Four people died while three were taken to hospital after drinking native palm wine “tuba” in Brgy. Upper Omon in the town of Ragay, Camarines Sur.
The victims were identified as Armando Diaz Ollano, 56, Reynaldo Diaz Ollano’s brother, 63, Bertito Recomanta Casitas, and a man named Belen. The other three Maribel delos Santos, 50; Adriano Balmes, 44; Doroy de Torres and Rodolfo Abellada, 53 were being monitored at the hospital.
According to the report, the victims went to have fun and drank tuba made from Buli Palm at around 2 pm on Thursday.
However, all of the victims suffered from abdominal cramps, dizziness, vomiting the following day. Hence, their relatives rushed them to various hospitals in Naga City, but the brothers Ollano, Casitas, and Belen died.
It was learned that the tuba they had been drinking from Buli Palm was possibly contaminated with poison from the “bayate” vine that wrapped the body of the palm.
Drinking Tuba in the Philippines
Tuba is a Filipino alcoholic beverage created from the sap of various species of palm trees. During the Spanish colonial period, tubâ was introduced to Guam, the Marianas, and Mexico via the Manila Galleons.
They remain popular in Mexico, especially in the states of Colima, Jalisco, Michoacán, and Guerrero. Tubâ was also introduced to the Torres Strait Islands of Australia in the mid-19th century by Filipino immigrant workers in the pearling industry.
Tubâ has existed in the Philippines since pre-colonial times. They have widely consumed for recreation as well as play an essential role in the animist religious rituals presided by babaylan shamans.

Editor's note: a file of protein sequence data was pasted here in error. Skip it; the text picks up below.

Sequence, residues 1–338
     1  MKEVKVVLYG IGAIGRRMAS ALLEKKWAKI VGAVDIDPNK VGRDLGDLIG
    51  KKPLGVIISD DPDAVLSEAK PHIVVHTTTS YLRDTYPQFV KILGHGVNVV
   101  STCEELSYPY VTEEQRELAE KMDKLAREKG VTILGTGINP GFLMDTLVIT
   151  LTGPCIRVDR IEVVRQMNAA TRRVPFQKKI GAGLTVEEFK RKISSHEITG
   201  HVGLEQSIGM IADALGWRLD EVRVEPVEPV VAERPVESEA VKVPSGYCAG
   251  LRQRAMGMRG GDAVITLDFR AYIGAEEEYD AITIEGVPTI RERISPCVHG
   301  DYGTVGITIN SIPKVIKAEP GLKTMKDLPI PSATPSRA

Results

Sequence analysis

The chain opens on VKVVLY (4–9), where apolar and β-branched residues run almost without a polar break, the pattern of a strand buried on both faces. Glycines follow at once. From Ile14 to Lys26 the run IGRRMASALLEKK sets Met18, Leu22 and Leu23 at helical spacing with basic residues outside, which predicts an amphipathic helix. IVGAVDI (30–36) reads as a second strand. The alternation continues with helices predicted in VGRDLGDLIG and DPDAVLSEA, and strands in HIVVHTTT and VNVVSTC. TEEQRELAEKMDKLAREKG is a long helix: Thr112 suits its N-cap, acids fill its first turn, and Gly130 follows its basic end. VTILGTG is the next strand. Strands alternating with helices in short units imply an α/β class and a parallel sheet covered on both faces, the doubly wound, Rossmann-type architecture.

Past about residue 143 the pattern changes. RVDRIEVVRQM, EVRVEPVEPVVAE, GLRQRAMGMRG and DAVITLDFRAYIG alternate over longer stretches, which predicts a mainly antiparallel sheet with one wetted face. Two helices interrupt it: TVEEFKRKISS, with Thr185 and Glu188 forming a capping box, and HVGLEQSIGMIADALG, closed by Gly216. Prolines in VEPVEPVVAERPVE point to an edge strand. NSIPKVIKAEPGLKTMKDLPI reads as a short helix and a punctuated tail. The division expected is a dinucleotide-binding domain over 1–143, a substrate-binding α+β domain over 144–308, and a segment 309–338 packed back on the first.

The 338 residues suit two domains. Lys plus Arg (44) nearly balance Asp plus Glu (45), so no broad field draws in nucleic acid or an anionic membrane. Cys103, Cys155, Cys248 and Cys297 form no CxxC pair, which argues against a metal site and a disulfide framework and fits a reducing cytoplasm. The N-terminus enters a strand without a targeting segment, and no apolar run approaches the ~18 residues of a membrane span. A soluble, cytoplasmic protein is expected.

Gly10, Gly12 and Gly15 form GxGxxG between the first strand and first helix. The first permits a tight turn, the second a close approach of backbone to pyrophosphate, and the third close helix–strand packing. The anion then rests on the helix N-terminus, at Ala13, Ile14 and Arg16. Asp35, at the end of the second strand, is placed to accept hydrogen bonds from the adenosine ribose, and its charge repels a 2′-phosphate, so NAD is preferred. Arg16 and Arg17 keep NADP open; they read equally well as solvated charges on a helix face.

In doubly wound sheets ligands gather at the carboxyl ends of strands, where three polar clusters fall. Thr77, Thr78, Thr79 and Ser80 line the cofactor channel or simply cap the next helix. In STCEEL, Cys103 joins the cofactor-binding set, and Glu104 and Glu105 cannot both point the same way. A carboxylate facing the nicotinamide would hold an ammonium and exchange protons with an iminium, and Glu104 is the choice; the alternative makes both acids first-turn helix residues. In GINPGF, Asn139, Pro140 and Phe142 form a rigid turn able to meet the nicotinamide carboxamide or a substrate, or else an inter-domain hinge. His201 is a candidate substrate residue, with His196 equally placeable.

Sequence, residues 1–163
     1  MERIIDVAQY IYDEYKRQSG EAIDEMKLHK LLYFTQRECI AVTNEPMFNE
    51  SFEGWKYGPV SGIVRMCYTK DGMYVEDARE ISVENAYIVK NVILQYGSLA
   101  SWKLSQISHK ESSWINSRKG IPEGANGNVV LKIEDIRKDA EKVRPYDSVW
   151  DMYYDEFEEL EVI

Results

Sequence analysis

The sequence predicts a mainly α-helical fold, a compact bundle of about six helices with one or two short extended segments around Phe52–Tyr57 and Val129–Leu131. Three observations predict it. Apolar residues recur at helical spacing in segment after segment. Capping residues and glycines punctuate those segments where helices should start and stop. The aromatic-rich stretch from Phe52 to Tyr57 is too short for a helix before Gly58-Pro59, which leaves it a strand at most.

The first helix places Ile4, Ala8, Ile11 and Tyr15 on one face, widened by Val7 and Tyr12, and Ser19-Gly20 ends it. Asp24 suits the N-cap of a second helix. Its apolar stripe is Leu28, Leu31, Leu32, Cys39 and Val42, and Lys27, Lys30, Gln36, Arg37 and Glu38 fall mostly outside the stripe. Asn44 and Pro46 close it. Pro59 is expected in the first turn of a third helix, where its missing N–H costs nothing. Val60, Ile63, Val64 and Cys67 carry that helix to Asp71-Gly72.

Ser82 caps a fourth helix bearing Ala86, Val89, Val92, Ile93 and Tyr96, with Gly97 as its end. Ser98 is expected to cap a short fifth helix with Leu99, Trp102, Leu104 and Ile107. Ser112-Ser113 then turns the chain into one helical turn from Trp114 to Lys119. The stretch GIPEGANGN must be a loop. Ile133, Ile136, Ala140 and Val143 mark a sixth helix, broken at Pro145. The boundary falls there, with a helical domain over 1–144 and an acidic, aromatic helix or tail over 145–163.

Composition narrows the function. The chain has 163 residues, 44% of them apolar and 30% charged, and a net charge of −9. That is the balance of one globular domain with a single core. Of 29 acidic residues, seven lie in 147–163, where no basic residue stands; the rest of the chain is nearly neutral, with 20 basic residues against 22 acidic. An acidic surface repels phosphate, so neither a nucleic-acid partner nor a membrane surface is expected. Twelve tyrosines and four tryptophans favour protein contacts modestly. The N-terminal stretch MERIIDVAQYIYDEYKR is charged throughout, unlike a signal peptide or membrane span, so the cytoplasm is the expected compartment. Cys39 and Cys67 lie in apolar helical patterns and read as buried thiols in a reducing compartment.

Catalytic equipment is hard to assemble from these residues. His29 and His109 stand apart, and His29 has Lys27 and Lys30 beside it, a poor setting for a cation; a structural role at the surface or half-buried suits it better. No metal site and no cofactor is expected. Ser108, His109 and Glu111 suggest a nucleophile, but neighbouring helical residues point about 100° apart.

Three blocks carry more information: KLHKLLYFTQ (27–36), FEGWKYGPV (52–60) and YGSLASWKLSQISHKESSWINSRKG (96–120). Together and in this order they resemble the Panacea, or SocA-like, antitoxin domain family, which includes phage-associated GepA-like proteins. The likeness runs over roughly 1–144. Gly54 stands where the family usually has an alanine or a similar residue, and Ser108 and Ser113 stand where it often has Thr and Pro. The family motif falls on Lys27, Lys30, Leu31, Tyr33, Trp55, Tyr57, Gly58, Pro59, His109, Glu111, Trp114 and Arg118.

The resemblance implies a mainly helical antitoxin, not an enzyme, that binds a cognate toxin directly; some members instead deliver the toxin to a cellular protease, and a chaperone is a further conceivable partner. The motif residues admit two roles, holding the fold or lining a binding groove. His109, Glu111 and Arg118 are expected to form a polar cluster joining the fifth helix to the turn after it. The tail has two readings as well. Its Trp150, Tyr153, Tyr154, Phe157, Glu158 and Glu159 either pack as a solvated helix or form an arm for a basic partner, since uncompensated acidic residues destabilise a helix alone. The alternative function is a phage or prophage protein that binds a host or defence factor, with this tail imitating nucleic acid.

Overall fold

Early Spanish colonizers reported heavy consumption of tubâ and other alcoholic beverages in the Philippines. Social drinking (tagayan or inuman in Tagalog and Visayan languages) was and continues to be an essential aspect of Filipino social interactions.
There have been few cases of tuba poisoning in the country, but many were recorded dead for drinking another locally-made Filipino liquor “lambanog” (coconut wine or vodka).
In December 2019, at least 11 people died due to lambanog poisoning, while 300 were hospitalized.
“Lambanog poisoning is caused by residual methanol, which in high levels becomes highly toxic for humans. Methanol is a naturally occurring substance present during the distilling process, that should be separated and removed thereafter,” Health Secretary Francisco T. Duque III said.
This content was originally published here.